LBC’s Super Kids’ Club is a supportive space for children with blood cancer to meet other kids in similar situations. It’s an opportunity to gain some understanding of what they’re going through by talking to a Specialised Play Therapist. It involves all kinds of fun and creative activities.

“Ayla opened up much more than usual. She asked the other kids whether they also had hair loss, and whether they had nasogastric tubes too…things that took her a long time to come to terms with for herself.” Ayla had instantly clicked, and found her people. But, this wasn’t unusual for brave, thoughtful and empathetic young Ayla, the girl who once put her whole heart into learning NZSL to communicate with a hearing-impaired classmate back in school.

“She recently met a little boy who has severe behavioural issues, and she is so loving and open to him, and he is to her as well. It’s certainly in her to have empathy with other people who are having challenging times in life. She accepts people for who they are, no matter what. It’s something I am super proud of her about.”

And, Yvonne is incredibly proud of Ayla’s young sibling Mikah, who has come a long way, also thanks to LBC’s Kids’ Club. “That therapy side of things is really important for Mikah, who has a bit more trauma around the whole experience, in a lot of ways, than Ayla does.”

“When I see what Ayla is doing and the love between her and Mikah as well, I just feel so grateful that we’ve got to this point.”

Ayla is doing a lot better now. But, Yvonne is still wary. She knows that there is a chance that Ayla’s condition can worsen. “Right now, my fight or flight response kicks in pretty quickly when I’m stressed. So, I just want to be gentle with myself now.”

This is where Ayla leads by example, and she encourages the rest of her family; to go and run that cross-country race, to go for that bike ride, and to plan that holiday for six months from now; even if you have a needle stuck inside you.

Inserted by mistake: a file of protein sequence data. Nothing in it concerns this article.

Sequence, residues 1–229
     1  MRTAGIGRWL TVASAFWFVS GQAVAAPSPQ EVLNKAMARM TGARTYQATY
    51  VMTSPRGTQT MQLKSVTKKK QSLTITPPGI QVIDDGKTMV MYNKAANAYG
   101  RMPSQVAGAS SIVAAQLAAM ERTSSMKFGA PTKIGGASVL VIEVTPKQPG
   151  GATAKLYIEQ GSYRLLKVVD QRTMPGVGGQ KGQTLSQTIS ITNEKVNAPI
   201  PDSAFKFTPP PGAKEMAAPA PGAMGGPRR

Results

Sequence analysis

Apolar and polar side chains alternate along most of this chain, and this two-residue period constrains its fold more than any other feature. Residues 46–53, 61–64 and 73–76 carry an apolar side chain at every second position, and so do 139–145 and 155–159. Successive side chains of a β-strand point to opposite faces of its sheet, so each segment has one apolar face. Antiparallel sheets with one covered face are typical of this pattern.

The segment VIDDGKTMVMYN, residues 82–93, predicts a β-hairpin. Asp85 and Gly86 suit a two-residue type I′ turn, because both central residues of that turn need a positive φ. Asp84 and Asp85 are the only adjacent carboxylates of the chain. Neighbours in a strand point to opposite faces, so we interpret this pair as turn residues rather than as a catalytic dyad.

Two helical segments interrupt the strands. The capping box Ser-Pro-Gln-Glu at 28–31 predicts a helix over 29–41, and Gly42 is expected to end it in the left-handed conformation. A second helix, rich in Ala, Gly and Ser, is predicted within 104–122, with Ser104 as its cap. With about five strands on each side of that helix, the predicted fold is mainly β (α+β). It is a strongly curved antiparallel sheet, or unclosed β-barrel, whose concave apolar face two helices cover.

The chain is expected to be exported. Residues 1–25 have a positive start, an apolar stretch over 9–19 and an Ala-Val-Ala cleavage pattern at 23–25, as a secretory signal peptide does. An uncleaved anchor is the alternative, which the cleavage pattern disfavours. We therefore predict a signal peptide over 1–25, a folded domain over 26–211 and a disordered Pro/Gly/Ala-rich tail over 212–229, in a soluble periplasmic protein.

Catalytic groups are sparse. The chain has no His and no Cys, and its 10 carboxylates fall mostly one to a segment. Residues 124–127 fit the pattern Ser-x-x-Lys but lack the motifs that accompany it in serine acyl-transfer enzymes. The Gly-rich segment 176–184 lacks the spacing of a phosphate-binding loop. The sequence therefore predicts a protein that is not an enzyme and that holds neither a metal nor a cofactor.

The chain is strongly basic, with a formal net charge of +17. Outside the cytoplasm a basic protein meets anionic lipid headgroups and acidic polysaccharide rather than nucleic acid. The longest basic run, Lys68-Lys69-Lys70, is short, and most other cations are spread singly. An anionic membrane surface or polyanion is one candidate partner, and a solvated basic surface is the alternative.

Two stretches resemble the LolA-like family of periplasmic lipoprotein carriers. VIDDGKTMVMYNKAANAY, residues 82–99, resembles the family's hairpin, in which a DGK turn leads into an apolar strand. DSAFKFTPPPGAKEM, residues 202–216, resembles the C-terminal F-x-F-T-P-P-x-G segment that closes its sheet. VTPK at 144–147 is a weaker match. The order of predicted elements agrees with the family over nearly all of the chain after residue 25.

This is where you can step up and join us in changing the lives of children just like Ayla all over Aotearoa. Please consider making an urgent donation to LBC today.

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It was a regular weekday night for the Herbert family; until suddenly, it wasn’t.

At 9pm, Alex woke up. He was severely distressed and upset. He was wailing like a lion trapped in his own bed, and with fiery tears streaming down his face, he called for his mum. When Farah ran to his bedroom, she was shocked.

She could tell that Alex was trying to talk – but as hard as he tried, he couldn’t say a word. “He was absolutely hysterical. He tried to get up, and he couldn’t walk properly – but he managed to grab his laptop.”

I can’t talk. – He typed out, while wiping his wet cheeks.

Farah was terrified. “I was so worried. I had no idea what was going on, I was like… was he having a stroke? I literally had no clue.”

Just a few days earlier, Alex had been experiencing nausea and headaches, which his doctor had suggested was a result of too much screen time. But now, his symptoms were much worse – and when Alex started throwing up, Farah knew she needed to do something.

“I said, OK, I’m taking him to hospital. Let’s just see what they say, and rule out anything and everything. I took him to ED, he got seen and blood tests were taken immediately.”

Time seemed to blur in ED. It was about 1am, almost five anxious hours later, that Farah was given the news that would change the rest of their lives. The doctor said to Farah:

“We’re about 99 percent sure that he’s got leukaemia.”